TELECOMS operators in Nigeria, represented by the Association of Licensed Telecommunication Operators of Nigeria (ALTON) and Association of Telecommunication Companies of Nigeria (ATCON), have pushed for cost-reflective tariffs. In their words, in a fully liberalised and deregulated sector like telecommunications (telcos) in Nigeria, the current price-fixing policy is not backed by economic realities, thus eroding investors’ confidence. They have a point.

The costs of operating any business in Nigeria, especially telecommunications, have increased. For instance, general inflation has led to higher prices for equipment and services, the cost of diesel has risen significantly, the expenses for running generators have increased, and even higher VAT rates on tower leases have added to the financial burden of telcos. These factors have collectively increased the operating costs of telcos, making it difficult for them to maintain their services at affordable rates. Still, regulation has hampered their ability to respond to these higher costs.

Recent data paints a stark picture. Nigerian telcos’ spending on diesel alone has skyrocketed, increasing by a staggering 50 per cent compared to the same period in 2023. As of March 2024, Nigeria’s annual inflation rate stood at 33.20 per cent. These are not just numbers on a page but actual costs impacting the industry. ALTON is making a simple case: Telcos’ charges must reflect the cost of providing them. If tariffs do not reflect economic reality, operators may be forced to cut back on services, which would be detrimental to the Nigerian economy and its citizens.

Let’s talk about the cost increases for a minute; I am referencing the ALTON request to the Nigerian Communications Commission (NCC) for regulatory approval to raise tariffs by 40 per cent in 2022. If that request were approved in 2022, the floor cap on voice calls would rise from N6.4 to N8.95. Keep in mind that in 2022, the exchange rate of one USD was $1/N448 (now $1/N1,300), and inflation was 18.85 per cent (now 33 per cent). Asking the telcos to keep prices fixed while every government agency has increased their fees and duties is simply asking the private telcos to subsidize the Nigerian economy. ALTON has also raised issues with the multiplicity and diversity of taxes they are asked to pay by multiple federal, state and local government agencies; for instance, telcos are asked to pay for activities they have no business with, including “effluent discharge fees,” water levies, and “fumigation of the BTS.” The point here is that the federation has increased its fees but resists the increase in fees by a private operator yet demands excellent quality in the delivery of services by the private operator.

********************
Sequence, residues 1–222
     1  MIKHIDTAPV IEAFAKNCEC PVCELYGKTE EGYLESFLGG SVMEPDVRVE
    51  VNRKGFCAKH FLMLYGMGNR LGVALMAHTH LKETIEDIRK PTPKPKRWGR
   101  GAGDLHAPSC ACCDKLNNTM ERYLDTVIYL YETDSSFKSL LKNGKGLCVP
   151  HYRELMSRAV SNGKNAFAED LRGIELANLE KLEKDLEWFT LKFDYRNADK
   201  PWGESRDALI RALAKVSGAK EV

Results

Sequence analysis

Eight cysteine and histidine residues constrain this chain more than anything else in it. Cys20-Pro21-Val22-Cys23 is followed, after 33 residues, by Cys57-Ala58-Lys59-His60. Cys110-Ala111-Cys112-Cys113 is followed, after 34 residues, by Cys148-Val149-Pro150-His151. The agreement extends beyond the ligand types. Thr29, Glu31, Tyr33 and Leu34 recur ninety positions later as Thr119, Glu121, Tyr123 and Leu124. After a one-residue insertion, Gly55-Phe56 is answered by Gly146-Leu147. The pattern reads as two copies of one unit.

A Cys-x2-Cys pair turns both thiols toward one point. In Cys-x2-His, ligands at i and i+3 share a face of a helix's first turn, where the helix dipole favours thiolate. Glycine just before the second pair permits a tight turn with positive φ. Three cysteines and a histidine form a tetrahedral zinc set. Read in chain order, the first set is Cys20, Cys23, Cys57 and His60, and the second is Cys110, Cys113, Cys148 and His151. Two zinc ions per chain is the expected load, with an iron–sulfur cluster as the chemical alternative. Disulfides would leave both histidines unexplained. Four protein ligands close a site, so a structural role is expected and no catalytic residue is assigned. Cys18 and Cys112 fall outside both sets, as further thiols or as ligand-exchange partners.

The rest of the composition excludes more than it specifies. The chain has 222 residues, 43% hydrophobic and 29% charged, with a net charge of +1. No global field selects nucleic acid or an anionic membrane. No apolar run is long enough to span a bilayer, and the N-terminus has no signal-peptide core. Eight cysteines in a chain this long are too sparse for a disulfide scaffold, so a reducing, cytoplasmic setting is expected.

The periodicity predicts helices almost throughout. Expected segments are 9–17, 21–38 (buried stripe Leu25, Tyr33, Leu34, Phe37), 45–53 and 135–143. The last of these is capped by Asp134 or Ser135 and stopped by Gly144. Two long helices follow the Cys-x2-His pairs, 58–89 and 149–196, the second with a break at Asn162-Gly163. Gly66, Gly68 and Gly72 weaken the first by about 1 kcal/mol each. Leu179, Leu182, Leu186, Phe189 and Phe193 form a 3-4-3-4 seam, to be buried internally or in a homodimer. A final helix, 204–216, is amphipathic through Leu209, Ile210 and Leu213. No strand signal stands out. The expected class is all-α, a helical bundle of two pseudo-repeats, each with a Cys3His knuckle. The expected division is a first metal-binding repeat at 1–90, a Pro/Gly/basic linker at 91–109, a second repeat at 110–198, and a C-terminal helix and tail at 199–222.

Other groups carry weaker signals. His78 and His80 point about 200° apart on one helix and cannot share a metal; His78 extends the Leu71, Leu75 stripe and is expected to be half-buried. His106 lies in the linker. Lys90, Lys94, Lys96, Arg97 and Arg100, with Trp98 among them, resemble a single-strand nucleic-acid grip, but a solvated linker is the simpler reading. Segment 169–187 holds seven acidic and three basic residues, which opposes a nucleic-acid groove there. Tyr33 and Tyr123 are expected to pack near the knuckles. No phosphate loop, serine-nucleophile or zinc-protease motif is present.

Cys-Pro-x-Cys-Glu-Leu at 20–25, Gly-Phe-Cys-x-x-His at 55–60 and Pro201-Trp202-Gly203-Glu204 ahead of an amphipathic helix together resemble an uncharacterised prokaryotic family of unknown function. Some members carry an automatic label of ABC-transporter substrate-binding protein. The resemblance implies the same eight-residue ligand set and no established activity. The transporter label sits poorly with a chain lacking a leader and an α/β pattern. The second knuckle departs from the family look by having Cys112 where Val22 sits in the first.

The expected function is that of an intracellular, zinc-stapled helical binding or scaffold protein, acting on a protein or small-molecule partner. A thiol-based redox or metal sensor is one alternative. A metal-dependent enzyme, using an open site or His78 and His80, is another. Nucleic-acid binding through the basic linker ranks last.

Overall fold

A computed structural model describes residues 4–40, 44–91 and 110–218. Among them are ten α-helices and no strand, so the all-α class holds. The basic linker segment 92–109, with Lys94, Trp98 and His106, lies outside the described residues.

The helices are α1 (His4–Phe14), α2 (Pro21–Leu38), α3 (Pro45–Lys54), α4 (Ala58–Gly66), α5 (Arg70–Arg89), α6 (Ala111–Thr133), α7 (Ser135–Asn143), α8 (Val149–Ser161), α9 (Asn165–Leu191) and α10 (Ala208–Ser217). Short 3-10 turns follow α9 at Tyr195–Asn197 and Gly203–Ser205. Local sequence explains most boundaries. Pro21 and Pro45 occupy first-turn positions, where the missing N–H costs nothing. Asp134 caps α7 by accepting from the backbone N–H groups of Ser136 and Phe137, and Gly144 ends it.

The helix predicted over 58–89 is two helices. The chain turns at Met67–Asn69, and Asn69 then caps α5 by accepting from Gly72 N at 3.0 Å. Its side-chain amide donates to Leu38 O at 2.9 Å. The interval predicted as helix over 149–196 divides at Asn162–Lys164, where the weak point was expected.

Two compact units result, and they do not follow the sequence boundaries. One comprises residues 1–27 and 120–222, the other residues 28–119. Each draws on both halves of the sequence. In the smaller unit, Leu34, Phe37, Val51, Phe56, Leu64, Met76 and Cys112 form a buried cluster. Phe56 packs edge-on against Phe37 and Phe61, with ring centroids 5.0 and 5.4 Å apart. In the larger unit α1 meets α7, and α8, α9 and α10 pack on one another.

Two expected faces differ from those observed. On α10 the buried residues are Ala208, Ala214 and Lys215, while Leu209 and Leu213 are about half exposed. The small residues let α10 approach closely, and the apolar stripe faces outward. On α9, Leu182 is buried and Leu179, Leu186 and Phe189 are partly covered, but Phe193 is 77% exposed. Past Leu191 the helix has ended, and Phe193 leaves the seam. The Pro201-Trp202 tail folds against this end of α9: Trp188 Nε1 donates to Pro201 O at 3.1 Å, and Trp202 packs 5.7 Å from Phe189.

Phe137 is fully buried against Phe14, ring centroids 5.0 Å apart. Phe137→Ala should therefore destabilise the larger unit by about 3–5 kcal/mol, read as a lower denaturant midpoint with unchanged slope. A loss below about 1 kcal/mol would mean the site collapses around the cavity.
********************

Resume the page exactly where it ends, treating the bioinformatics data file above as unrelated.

The telecommunications subsector of Information and Communications Technology (ICT) has contributed significantly to the Nigerian economy. As of the fourth quarter of 2023, this subsector contributed 14 per cent to the growth of Nigeria’s real Gross Domestic Product (GDP); in 2015, the telecoms sector contribution was 8 per cent. In effect, Nigeria has experienced economic expansion because of the telcos. A tariff hike will enable telcos to continue providing services and contribute to the Nigerian economy’s growth. This is a shared interest that we all should consider. I once asked an oil and gas expert why Nigeria had no private refineries; he responded that the federal government fixes retail prices below the free market price, so no investor destroys capital by investing in a refinery and then selling below market price. This is precisely what’s happening in Nigeria’s telecom space. I don’t see the current players divesting from Nigeria because of fixed tariffs. Still, I need help to see how their Boards will approve significant capital investment into Nigeria if their tariffs can’t even reflect the cost in Nigeria as of 2022!

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Holding down tariffs by regulation is essentially keeping away Foreign Direct Investment into Nigeria. Nigeria is a large market for the telcos, but markets must pay for themselves; the telcos are not asking for a price hike to make a profit; far from it, the devaluation of the naira has resulted in huge declared losses for the telcos. The tariff increases enable the telecom players in Nigeria to retain the status of going concern. The telcos are not asking for a handout but for economic reality. They are advocating for cost-reflective tariffs that align with current economic conditions. Cost-reflective tariffs are not about profits but maintaining a sustainable business model that benefits all stakeholders, especially consumers. Like I said, they have a point.

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by Kalu Aja